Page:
Pass the parcel – a tale of cutting edge customer service – part 1

My 8 month old Lenovo laptop broke but, being under “collect and return” warranty, I was reasonably relaxed:   it would be fixed and returned quickly.  Ha Ha.  Silly me.  I reported the issue to Lenovo but received a letter from a company called Medion Electronics, based in Swindon, with detailed instructions on packing and contact details of a carrier called DPD.  The letter included a label all made out to the repair depot in Germany and dire warnings, in red type, about the delay that would result from me not following the complicated instructions to the letter.

There was also a half a page of A4 disclaimer about Lenovo / Medion / DPD not being responsible for the data or programmes on the laptop: they recommended me to back up everything.  I had to buy a new external drive to copy everything to, and then learn how to do it.  Consequently it was a couple of weeks before I rang the carrier to arrange collection.  On Friday the carrier came at 4pm.  It wasn’t DPD but their local agent AJG parcels.  They left me details of the tracking number and said my parcel would be on its way that night.

On Saturday I thought I’d see how far it had got, and went ‘online’ to track it.  The tracking number I put in returned information that the parcel had been collected on 4th, not 21st, and that its status was “Awaiting receipt of parcel”.  I rang DPD to tell them, and ask who was “awaiting” and where?  DPD agreed the system was in error and said they’d investigate and ring me back.  They didn’t.  I e-mailed, twice, with queries about the discrepancies.  I rang Lenovo/Medion on Monday (all closed for the weekend), and DPD again.  Eventually it transpired that DPD’s local agent had returned to their depot too late on Friday to transfer my parcel to that night’s truck and, unaccountably, they had re-labelled my parcel (creating an entirely new tracking identity in the process) and sent it to Lenovo/Medion in Swindon instead of to the repair facility in Germany!  DPD suggested I ring Lenovo and warn them it was coming there.  This I did, and I was assured they would know what to do with it.  The whole process began to unravel as I am not DPD’s customer, Lenovo/Medion is, therefore such terminology as “customer reference”,  “consignment number”, “account number”, and “collected date” do not refer to me.  After six more telephone calls  (all to income generating 0844 numbers) and much recorded music I was at least able to find out that my laptop had arrived in Swindon.  Phew.

I then received replies from DPD customer services to my two original e-mailed queries (still with me?).  One was about my parcel, under its original identity, and told me they were still waiting to receive it (also suggesting I contact Lenovo to sort out DPD’s problem).  I told them that, far from waiting to receive it, they had delivered it (albeit to the wrong place).  The other was about an entirely different parcel, for someone else – nothing to do with me.  More ‘phone calls and embarrassed apologies from DPD.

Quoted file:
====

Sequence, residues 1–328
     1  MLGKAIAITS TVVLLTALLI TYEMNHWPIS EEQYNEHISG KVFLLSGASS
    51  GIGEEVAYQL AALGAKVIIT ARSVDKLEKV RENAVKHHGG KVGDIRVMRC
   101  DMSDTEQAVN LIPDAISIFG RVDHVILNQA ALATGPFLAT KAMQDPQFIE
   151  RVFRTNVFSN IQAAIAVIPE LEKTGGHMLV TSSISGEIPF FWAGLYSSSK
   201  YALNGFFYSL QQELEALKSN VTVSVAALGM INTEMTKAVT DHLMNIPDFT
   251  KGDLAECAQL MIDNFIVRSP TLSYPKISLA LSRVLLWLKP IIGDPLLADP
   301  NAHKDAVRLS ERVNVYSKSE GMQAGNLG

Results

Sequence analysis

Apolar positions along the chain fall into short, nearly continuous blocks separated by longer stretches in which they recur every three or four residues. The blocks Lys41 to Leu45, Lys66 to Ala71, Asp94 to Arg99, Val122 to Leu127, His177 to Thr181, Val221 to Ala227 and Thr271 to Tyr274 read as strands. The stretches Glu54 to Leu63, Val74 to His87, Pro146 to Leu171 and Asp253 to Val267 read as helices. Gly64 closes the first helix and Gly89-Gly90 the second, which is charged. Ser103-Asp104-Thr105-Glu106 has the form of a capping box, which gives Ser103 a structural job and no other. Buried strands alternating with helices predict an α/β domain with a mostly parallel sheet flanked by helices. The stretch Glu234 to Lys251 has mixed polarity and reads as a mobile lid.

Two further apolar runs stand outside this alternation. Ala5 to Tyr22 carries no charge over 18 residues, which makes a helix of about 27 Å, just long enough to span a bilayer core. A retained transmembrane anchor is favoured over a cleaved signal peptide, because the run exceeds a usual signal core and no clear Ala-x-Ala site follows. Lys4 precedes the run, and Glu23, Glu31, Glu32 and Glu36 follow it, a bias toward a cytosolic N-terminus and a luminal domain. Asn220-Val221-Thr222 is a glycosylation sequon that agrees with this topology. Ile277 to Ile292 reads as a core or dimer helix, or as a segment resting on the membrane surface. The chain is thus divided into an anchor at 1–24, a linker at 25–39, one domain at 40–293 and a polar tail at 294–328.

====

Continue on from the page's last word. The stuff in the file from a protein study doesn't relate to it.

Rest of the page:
I called Lenovo/Medion again, and spoke to yet another different customer agent.  Lenovo/Medion claimed that DPD had not advised them of the changed label.  Charming though they have been, until this morning, I haven’t spoken to the same individual twice, in any organisation, so I’ve had to tell my story over and over again.  Why am I, Lenovo’s customer, having to sort out problems between them and their suppliers?  Not good, DPD/Lenovo/Medion.  AJG claim it is DPD’s fault that they redirected my parcel to Medion’s HQ, because the computer system showed no return address – only “Various”.  I should say here that this is deliberate on Medion’s part: it is their instruction to state the ‘alternative address’ when booking the collection by DPD and put the return information inside the parcel.  AJG also tried to blame me for not contacting them instead of DPD.   Not only pass the parcel but pass the buck!

I’ve tried to explain to AJG and DPD that what I see on screen, as an “end-use” customer tracking a parcel, is not what they see.  It is different information because,  as far as the parcel system is concerned, I am NOT the customer in the transaction:  DPD is AJG’s customer, Medion is DPD’s customer and Lenovo is Medion’s customer.  For this type of transaction the whole system is facing the wrong way:  they need to sort that.

At time of posting this I have just heard the details of my parcel’s new identity (woo hoo!): it will get yet another one when it is put back in the system (I use the word loosely) in Germany for return to me.  No doubt it will be handled by another local agent there, so now I am convinced that,  with more changes of identity than Jason Bourne, all the ingredients are in place for my laptop to disappear without trace.  So much for the dire warnings of delay if I didn’t follow their instructions…….

By the way, the repair requires they undo a couple of screws, take out a dodgy DVD drive, plug in a replacement and test.  I could have done it myself in 20 minutes.  GRRR